This Tuesday was an interesting continuation of survival strategies for school.
Tuesday, February 21, 2017
I’m learning how to write in my Queer Theory class as people talk about the topic. I don’t read the materials, so I have to fake it, in some way, especially as I have small writing responses about the reading due each week.
I had an interesting event as well, involving another student in my Queer Theory and New Materialism class. It’s almost too heady of an interaction to talk about here, but involved “White Supremacy,” the definition of “Human” and gender dynamics.
In a nutshell, an African-American woman in the class mentioned that we would have a different definition of ourselves as “human,” if at all. I don’t know why, but the comment rubbed me the wrong way, and I should not have let it. I retorted to her comment, and we got into a slight tussle during class. I’m sure I was misunderstanding what she said, but I felt that so much energy had been spent on talking about the adverse effects of “White Supremacy” and “Colonialism” that there wasn’t much space for appreciating human ingenuity or depravity. It’s as if “Indigenous” people are completely “non-human” in their completely peaceful and harmonious relations with the world and each other. I just don’t buy it. My notion was that if it weren’t Europeans who altered the environment and cultures, etc. then another group would take their place. And who is to say that would be like?
I suppose that I added fuel to the fire when I approached the woman after class. I thought that I was offering a peace proposal, but then she seemed to chafe me, again. She said that she was trying to “help” me with my “assumptions” which I found vaguely offensive, and then she “went in,” as it were, accusing me of reviving tropes of male chauvinism, which was so very far from my mind. That’s when I got annoyed and, backed into a corner, came out swinging. I promptly accused her of being condescending and having a superior air. I figure if she could recriminate me for something that wasn’t true (or at the very least was subconscious), I could do the same. After a while, it got stupid and childish, so I simply thanked her for her positions and walked away. My heart was racing, because I don’t love confrontation, but I was pushed to the limit. Later, my classmates noted that she was out in the hall, crying. I’ve spent a good amount of time thinking whether I should offer her a peace branch again because I don’t like ill will, but I’m not sure.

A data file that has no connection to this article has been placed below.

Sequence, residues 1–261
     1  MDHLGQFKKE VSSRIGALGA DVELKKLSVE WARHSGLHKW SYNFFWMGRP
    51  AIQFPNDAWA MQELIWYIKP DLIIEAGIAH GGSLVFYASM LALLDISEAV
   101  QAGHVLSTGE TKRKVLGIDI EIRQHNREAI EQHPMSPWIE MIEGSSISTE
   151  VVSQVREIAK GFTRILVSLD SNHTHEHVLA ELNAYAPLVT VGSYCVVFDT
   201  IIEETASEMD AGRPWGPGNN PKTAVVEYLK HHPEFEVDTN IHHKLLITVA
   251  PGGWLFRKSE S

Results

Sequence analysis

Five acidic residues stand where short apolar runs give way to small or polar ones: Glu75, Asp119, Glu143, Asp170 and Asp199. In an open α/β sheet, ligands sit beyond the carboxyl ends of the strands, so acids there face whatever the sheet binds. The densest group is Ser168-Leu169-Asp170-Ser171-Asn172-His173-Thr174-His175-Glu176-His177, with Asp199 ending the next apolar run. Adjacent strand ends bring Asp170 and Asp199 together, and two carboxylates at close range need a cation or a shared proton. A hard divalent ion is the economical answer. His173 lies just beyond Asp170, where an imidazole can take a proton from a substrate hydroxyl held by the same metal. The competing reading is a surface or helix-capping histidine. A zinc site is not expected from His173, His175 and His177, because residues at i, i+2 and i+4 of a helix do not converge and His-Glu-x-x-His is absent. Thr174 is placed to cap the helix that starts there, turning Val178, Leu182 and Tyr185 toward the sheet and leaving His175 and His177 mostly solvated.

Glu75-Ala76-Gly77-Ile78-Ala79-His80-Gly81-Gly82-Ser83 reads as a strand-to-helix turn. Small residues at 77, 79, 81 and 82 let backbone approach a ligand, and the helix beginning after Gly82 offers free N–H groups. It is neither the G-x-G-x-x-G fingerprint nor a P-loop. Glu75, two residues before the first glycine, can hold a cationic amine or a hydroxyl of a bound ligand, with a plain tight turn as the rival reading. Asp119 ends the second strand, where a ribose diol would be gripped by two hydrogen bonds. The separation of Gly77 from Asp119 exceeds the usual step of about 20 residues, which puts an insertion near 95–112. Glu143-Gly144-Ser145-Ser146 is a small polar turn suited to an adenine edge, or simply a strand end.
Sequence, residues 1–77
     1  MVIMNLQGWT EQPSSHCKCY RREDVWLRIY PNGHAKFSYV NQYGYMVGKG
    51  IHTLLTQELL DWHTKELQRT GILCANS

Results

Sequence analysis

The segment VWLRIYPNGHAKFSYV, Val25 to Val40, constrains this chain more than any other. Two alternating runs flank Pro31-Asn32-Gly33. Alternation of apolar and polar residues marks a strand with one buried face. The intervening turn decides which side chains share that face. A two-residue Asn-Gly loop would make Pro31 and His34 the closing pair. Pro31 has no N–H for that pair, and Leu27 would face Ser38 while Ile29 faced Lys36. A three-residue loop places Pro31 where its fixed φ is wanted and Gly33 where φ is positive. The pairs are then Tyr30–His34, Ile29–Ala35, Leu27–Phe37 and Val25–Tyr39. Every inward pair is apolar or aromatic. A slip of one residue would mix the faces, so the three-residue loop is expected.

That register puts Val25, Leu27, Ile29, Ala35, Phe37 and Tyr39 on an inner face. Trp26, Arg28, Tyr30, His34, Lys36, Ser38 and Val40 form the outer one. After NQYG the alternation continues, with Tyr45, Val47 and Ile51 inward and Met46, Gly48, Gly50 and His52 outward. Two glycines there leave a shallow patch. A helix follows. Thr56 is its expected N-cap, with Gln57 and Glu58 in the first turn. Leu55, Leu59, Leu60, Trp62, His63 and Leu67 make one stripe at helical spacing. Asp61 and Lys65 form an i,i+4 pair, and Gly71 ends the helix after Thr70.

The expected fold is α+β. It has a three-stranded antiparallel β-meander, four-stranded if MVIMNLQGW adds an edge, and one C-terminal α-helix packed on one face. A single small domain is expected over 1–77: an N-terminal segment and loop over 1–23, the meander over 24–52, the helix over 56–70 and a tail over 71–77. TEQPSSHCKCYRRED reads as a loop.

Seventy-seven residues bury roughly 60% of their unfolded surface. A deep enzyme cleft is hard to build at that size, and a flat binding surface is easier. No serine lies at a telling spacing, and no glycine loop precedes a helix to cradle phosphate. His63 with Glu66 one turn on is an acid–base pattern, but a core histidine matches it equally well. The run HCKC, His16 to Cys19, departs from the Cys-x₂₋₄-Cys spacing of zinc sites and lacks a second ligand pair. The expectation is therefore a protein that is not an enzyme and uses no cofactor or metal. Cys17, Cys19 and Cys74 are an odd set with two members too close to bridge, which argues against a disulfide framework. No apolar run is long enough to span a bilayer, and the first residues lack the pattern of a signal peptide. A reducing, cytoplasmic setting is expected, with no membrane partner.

I once heard an anecdote that Israeli people are like pineapples in that they are rough and prickly on the outside, but sweet and soft on the inside. That makes complete sense, given their circumstance. I, on the other hand, am like a peach. Soft, sweet and fuzzy on the outside, but inside is a hard, dark, bitter core. If one takes too swift and aggressive of a bite into a peach. He or she will hit that stone core. That’s my personality. This “peachiness” also figures in another, more benign story, that I will relate, later.